- Frederik.Ahlemann (at) uni-due.de
- R09 R01 H33
- +49 201 183-4250
- +49 201 183-6851
Peder Bergan, MBA
- peder.bergan (at) uni-due.de
- R09 R01 H43
- +49 201 183-4700
- +49 201 183-6851
David Hoffmann, M.Sc.
- david.hoffmann (at) uni-due.de
- R09 R01 H38
- +49 201 183-4907
- +49 201 183-6851
In today’s technologically driven business environment, firms are required to engage in an increasingly large number of projects. Part of this challenge is to holistically manage all running IT projects and new proposals during all stages of their life cycle . The situation becomes even more demanding, because more recent phenomena like the “digital transformation,” require flexible adjustments of IT project portfolios and pressure organizations to deliver projects at an increasing and unparalleled rate [2, 3]. While IT project management (IT PM) focuses primarily on a management technique, which is used to organize, control, steer, and execute individual projects with an IT focus, IT project portfolio management (IT PPM) provides a centralized view of all running IT projects and enables firms to manage a large number of projects . However, the Standish Group estimates that only about 29% of IT projects are within their estimated costs, on schedule, and deliver all critical requirements . Another 52% of these projects are challenged (i.e. over budget, late, or fail to provide critical requirements), while the remaining 19% are simply abandoned due to huge cost or schedule overruns, or major deficiencies. Given that IT projects are usually the dominant part of many industries’ capital expenditure budget , it is not surprising that their success or failure can have a significant impact on a company's bottom-line. Most often, companies with failed projects are unable to learn from their failures due to a lack of organizational learning and capability building . More interestingly, organizations that had successful IT projects are unable to replicate that success in future projects . By investigating different areas of interest, we aim to contribute to research and practice. Our overarching research questions in this field are:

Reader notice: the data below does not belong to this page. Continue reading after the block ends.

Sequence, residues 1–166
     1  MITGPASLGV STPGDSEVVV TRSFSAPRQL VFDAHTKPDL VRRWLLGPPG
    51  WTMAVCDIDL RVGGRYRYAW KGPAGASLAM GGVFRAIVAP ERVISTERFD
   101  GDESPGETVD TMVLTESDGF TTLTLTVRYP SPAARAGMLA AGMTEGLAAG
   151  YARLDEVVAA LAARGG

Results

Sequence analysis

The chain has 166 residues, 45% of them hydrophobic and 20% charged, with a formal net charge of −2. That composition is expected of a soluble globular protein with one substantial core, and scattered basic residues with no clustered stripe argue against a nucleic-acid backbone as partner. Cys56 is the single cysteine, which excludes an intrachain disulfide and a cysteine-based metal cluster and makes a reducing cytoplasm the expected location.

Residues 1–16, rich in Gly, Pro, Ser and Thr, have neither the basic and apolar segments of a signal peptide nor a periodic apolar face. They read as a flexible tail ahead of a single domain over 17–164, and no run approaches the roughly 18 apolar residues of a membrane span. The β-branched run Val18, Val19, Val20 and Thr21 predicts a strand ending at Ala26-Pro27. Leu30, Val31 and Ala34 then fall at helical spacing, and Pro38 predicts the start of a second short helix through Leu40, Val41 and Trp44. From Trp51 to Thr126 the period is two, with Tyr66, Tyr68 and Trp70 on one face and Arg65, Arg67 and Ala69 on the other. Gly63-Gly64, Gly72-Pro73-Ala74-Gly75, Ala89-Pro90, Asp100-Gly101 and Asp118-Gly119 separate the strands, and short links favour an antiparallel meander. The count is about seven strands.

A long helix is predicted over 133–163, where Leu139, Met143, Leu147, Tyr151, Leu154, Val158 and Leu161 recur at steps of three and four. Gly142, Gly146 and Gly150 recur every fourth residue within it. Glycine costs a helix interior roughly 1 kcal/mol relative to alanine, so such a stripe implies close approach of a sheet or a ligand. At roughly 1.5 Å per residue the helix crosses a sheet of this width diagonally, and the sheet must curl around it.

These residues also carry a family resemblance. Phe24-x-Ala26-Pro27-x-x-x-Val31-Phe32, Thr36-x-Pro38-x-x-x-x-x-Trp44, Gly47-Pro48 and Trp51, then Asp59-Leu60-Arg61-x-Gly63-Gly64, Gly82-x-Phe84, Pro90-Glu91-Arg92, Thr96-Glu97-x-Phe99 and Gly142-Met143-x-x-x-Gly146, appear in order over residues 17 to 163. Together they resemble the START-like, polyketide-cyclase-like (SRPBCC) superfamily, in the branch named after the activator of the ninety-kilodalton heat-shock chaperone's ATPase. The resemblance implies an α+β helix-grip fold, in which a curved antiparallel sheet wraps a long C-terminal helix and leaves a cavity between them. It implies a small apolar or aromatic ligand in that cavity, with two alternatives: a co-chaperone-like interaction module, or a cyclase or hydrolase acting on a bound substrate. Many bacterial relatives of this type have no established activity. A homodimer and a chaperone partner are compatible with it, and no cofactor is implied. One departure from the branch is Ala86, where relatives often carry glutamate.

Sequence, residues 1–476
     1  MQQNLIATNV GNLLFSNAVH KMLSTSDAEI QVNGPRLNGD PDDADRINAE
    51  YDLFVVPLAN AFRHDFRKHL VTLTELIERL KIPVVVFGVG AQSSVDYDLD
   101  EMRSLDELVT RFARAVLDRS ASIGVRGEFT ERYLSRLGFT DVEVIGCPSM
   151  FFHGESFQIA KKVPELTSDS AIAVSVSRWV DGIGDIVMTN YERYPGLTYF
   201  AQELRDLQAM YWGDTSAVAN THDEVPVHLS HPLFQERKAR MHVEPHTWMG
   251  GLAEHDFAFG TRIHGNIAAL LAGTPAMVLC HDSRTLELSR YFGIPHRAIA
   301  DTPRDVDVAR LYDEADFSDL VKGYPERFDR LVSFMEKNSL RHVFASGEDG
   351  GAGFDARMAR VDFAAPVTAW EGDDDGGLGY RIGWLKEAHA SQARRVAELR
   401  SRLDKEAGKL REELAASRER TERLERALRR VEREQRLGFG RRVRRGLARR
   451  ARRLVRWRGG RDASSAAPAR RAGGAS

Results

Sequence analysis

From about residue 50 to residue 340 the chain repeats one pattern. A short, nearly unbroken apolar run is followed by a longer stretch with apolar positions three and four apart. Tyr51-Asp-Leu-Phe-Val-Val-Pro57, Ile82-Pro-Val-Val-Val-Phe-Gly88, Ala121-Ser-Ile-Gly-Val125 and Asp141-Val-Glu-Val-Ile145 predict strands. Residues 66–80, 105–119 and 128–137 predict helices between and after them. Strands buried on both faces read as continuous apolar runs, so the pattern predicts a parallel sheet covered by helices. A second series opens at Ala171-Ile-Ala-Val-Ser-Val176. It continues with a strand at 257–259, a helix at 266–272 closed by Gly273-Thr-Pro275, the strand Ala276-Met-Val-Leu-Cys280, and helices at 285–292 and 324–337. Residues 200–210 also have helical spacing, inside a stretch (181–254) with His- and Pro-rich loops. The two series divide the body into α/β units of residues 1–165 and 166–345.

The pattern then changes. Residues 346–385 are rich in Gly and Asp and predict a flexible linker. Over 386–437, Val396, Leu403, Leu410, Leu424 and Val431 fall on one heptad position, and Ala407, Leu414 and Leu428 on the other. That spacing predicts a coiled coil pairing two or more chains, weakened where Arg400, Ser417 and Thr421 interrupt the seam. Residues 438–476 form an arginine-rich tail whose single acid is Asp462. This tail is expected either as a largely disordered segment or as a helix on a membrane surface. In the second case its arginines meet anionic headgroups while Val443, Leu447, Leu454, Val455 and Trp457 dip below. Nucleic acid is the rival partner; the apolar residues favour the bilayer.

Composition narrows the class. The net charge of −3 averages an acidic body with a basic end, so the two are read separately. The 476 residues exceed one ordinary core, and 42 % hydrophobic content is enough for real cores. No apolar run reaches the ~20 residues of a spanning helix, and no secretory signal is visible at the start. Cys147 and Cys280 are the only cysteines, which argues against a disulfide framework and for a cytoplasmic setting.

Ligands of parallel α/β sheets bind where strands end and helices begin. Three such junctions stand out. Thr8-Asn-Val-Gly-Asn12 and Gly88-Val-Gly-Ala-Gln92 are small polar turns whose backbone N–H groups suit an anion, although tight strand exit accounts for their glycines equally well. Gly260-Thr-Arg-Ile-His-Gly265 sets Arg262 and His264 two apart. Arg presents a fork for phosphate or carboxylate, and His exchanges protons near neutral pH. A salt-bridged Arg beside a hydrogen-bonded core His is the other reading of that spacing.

- How do organizations develop sustainable IT PM/PPM capabilities over time?
- How can organizations manage their IT project portfolio more sustainably, thus allowing for quick responses to new strategic trajectories?
- What is the role of executives and line managers in IT PM/PPM success?
IT PM/PPM Capability Building
IT PM/PPM capabilities cover the ability to align IT projects with the strategic direction of the organization so that the organization can maximize the monetary value of the organizational assets while completing as many projects as are feasible and beneficial to execute [8, 9]. Thus, IT PM/PPM capability building may enhance an organization`s performance, because it enables the implementation of necessary change in an efficient and effective way . However, organizations require significant time and investments to develop sustainable IT PM/PPM capabilities, and even then they still often fail . One of the main issues in this context is that IT PM/PPM is rarely seen as a long-term organizational phenomenon [10, 11] and current research has neglected to provide a comprehensive understanding of how organizations can build sustainable IT PM/PPM capabilities. This lack of understanding may inhibit organizations’ attempts to align IT PM/PPM with their strategy and may lead to significantly less successful project execution. Against this backdrop, we seek to answer how organizations develop sustainable IT PM/PPM capabilities over time and why some organizations are successful, while other organizations fail to evolve those IT PM/PPM capabilities.
Developing Flexible IT PPM